Ian Jeffrey Miller
(26 May 1946 - 9 October 2017)
Ian Miller (1986 XNATMAP Image)
Ian Jeffrey Miller was born in South Australia on 26 May 1946, and joined Natmap from the South Australian Mines Department as a draftsman. From 28 September 1966 to 27 September 1968, Ian was a Sixth Intake National Service conscript with the Australian Army (Army Number: 4718694). He served with the Royal Australian Survey Corps. After recruit training Ian was posted to the Army Survey Regiment that was located at Fortuna a rambling villa at Chum Street Bendigo in central Victoria. Here Ian was promoted to the rank of Corporal. Upon discharge from the Army he briefly rejoined the Mines Department.
Before being recruited by Natmap, as a draftsman, Ian had come to live in Canberra in August 1970. Ian moved up through Natmapís drafting ranks, working mostly on the Topographic Mapping Program of Australia. During that time, he attained a drafting certificate in 1974 from the New South Wales Department of Technical Education, and went on in 1980 to earn a degree of Applied Science in Applied Geography from the then Canberra College of Advanced Education, now Canberra University.
In the 1980s, Ian left drafting for the technical and clerical ranks to head up the Sales and Distribution of Natmapís map and air photography sales. Here Ian was classified as a Clerk (Class 8). In this position he had to manage not only a mix of technical, clerical and storeman positions but he also had daily contact with a range of customers from wholesalers, retailers, the general public, government representatives and many private sector companies. Due to his sociable nature and sense of fairness this was a job Ian did particularly well and received many accolades from his staff, satisfied customers and his managers. Ian was also personally responsible for approving copyright releases for third party use of Nat Map's mapping and aerial photography materials and data.
One occasion that John Payne recalled, was when Ian had a problem with a staff member who had been upsetting others by his actions and attitude (as a work colleague, John Payne knew Ian for over 40 years from when Ian first started work at the Division of National Mapping). Ian thought that he and John had better counsel this person and warn him of pending disciplinary action if the activity continued. Just after the counselling had begun this person stood up and said this is a lot of *#@^* , I resign, and stormed out. Ian and John looked at each other in utter amazement and thought that they had achieved the quickest dismissal in public service history. About a minute later the person stormed backed in and demanded to know how quickly he could get his severance money. Ian, quick as a flash, said how quickly can we get your written resignation; they had the document within 10 minutes.
Not long after joining Natmap, Ian became very active in the union movement representing his work colleagues first as a union delegate for the Association of Architects, Engineers, Surveyors and Draftsman of Australia (AAESDA). He rose to become ACT President, and was for many years on the Federal Executive of the Association. Ian also saw the Association through the difficult amalgamation with the Metal Workers Union. For many years he became the focal point of union activity in the ACT. For this activity Ian was recognised with his election to the position of President of the Canberra Labor Club.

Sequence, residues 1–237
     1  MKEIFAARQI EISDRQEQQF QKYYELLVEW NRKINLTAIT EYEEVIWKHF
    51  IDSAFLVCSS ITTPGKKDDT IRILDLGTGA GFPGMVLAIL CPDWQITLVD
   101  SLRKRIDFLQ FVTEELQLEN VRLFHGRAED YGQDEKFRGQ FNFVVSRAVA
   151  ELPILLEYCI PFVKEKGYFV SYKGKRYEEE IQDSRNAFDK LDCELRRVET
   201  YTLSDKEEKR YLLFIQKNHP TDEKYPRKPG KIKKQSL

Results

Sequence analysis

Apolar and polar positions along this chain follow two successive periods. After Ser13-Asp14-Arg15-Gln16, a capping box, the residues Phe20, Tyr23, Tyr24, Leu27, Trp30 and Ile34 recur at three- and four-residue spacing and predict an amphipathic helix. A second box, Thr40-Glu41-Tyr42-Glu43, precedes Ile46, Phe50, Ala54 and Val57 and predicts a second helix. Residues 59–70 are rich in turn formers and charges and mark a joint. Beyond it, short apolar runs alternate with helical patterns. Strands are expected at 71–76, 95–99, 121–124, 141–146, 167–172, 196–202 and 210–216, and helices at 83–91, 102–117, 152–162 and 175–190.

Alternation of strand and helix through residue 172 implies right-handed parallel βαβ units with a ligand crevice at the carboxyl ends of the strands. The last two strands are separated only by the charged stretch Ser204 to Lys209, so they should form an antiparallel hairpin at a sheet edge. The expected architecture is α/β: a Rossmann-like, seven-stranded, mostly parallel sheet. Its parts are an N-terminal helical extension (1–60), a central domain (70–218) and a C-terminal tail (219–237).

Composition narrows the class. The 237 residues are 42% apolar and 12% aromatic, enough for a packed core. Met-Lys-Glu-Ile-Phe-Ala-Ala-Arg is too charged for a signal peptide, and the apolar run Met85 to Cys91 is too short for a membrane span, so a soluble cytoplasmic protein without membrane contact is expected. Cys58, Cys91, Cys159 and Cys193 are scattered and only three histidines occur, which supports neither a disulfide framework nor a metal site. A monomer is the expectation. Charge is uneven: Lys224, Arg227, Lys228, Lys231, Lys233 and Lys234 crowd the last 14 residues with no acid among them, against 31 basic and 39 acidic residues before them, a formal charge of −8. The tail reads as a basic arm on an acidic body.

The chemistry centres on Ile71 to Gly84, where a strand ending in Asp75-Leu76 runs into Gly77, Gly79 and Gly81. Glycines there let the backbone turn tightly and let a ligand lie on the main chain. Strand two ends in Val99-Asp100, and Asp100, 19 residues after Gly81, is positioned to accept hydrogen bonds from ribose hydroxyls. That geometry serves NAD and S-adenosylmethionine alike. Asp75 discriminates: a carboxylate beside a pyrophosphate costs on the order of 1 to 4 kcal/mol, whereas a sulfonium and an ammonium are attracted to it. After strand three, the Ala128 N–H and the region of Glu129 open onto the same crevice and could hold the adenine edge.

Ian represented his union members with the upmost devotion and was not afraid of confronting management if he thought that his members were being wrongly treated. †In the latter days of Natmapís demise he was well known and respected for his ability to confront, probably shirtfront is the more appropriate term, our new managers on matters of disagreement.
At one stage in their working together, John noticed that Ian had begun returning very late from lunch on one day a month without any explanation. John as Ianís supervisor thought that he had better have a word with him. John and Ian sat down to discuss the matter, but Ian using his excellent union acquired negotiating skills, explained that as President of the Canberra Labor Club, Carlton United Brewery had invited him to join their monthly beer and beef luncheon. He went on to say that as he knew that John also had a liking for beer and beef that John might also care to attend. From the next month on, there were now two people late back from lunch. Ian could be very persuasive.
Ian will always be remembered for his communication skills, his genial nature, and his willingness to help others. This was evident after his retirement in 2001 when he organised regular lunchtime gatherings for his work colleagues, both retired and still working. He continued to do this for many years despite his health declining over the latter years.†
In the last year or so Ian was in hospital, either in Sydney at the Prince of Wales Hospital or in the ACT at The Canberra Hospital. He would just about recover from one health issue when another would strike and lay him low again. Nevertheless, through all these challenges he never gave up and fought right to the end. Ian is survived by his wife San Neo Ong, son Rene and daughter Hannah; to whom Ian's Nat Map and Survey Corps friends and colleagues extend their sincere condolences.
Ian was farewelled by not only family and friends but by his colleagues from Natmap, the Army, the former Australian Survey Office and the ACT Union Movement. His farewell was held in the Chapel of the Norwood Park Crematorium, Mitchell on Monday, 16 October 2017. In addition to Natmapís John Payne, Ianís ex-Army buddy and long term friend, Bob Campbell, and San Neo's brother (Ian's brother-in-law) Henry, spoke during the ceremony.
Compiled by Paul Wise, 2017, from eulogy supplied by John Payne and additional information by Laurie McLean.